Kentucky Baptist Convention president calls for sex abuse task force
By BY Staff
ASHVILLE, Ky. (BP) – As Baptist state conventions gather for their annual meetings, many are considering investigations of the ways sexual abuse claims have been handled in the past and ways the process could be improved for the future.
Arkansas and California have passed initiatives related to the handling of sexual abuse claims, while Mississippi and Missouri voted down proposals.
Kentucky Baptist Convention President Wes Fowler gave his state convention a two-week notice to prepare for what he plans to present Nov. 16 at the group’s annual meeting. In a letter posted Sunday (Oct. 31), Fowler said he intends “to recommend a task force specifically focused on (1) evaluating how the KBC currently responds to sexual abuse allegations, and (2) recommending best practices for the KBC moving forward.”
He added that he is “not aware of any accusation of the KBC mishandling a sexual abuse allegation.”
Fowler said he will recommend a 10-person task force be created from messengers across Kentucky who are “diverse and those familiar with sexual abuse” to report their findings and recommendations at the 2022 KBC Annual Meeting.
Messengers to the 2021 Southern Baptist Convention Annual Meeting in Nashville voted for the formation a task force to oversee a third-party investigation into the SBC Executive Committee’s handling of sex abuse claims and to make recommendations for future processes.
Fowler’s letter can be read here.
Bob Terry shares personal journey, practical help in new book on grief
By Carrie Brown McWhorter/The Alabama Baptist
Editor’s note: Sunday (Nov. 7) is Orphan and Widows Sunday in the Southern Baptist Convention.
BIRMINGHAM, Ala. (BP) – When Bob Terry’s wife, Eleanor, died in 1998 following a car accident in South Africa, he began a journey with grief he never expected and certainly never wanted.
His new book, “Struggling Toward Hope: Life After the Death of a Spouse,” shares not only the personal lessons he learned along that journey, but also practical tips for survivors as they learn to live after a loved one dies.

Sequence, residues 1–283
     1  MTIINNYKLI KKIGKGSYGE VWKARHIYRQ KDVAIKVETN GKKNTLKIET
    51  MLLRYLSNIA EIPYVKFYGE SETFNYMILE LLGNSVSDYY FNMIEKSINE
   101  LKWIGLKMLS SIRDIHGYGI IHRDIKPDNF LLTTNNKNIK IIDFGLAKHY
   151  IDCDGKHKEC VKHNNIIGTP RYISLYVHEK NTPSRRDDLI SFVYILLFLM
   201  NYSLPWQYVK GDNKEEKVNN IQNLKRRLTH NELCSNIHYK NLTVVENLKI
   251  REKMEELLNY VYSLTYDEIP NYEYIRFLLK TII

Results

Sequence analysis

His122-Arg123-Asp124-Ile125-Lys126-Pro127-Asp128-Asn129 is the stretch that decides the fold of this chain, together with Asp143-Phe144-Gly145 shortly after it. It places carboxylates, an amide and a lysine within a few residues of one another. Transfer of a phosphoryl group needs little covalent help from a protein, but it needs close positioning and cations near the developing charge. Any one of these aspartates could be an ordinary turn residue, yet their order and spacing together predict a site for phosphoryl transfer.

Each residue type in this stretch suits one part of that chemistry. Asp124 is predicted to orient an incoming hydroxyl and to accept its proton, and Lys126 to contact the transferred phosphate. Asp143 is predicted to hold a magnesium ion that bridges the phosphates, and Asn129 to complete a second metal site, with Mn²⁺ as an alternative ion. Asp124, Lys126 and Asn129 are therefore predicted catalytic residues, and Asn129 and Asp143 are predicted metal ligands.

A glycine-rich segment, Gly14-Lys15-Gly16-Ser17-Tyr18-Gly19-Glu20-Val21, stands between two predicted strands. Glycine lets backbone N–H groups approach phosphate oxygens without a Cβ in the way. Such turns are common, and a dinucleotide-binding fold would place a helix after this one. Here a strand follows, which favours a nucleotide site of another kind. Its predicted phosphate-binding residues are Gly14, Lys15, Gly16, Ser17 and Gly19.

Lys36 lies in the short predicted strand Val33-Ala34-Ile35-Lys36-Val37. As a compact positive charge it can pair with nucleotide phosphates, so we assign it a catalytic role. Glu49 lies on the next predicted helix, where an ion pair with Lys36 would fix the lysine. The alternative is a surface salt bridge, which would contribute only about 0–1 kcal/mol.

“When the funeral is over, you go home, and people surround you with love and care for a month or so,” Terry said. “But that begins to ebb as normalcy returns to their lives. Other crises arise within the community, the church.
“But what about all the practical changes the surviving loved one faces? I didn’t find a book that helped with that, and I hope my book stands in that gap.”
“Struggling Toward Hope” tells Terry’s story and provides meaningful help to grieving spouses and others who desire to encourage someone after the death of a loved one. Terry is editor emeritus of The Alabama Baptist and led the publication for 25 years until his retirement in 2018.
In the book, he also examines practical changes that happen following a death, including situations those on the outside probably never think about – questions about how and when to clean out your loved one’s closet, whether it’s OK to redecorate or when to explore new relationships.
“I wanted to point out the learning events in my story,” Terry said. “I wanted readers to know there are some issues you’re going to face at home and here are some ways to address them.”
Lisa Harrison, administrative director for Birmingham’s Community Grief Support, a nonprofit providing free counseling, support groups and community education for those grieving loved ones, called the book “an invaluable resource for anyone who is grieving after the loss of a spouse.”
“This book is truly a guidebook on how to cope with traumatic grief,” Harrison said. “Bob shares the most intimate details of his loss experience, but he also goes on to address the tools any grieving widow can use to get through the journey moving forward without a spouse.”
“Struggling Toward Hope: Life After the Death of a Spouse” is published by Soncoast Publishing and is available in e-book and print from most major booksellers.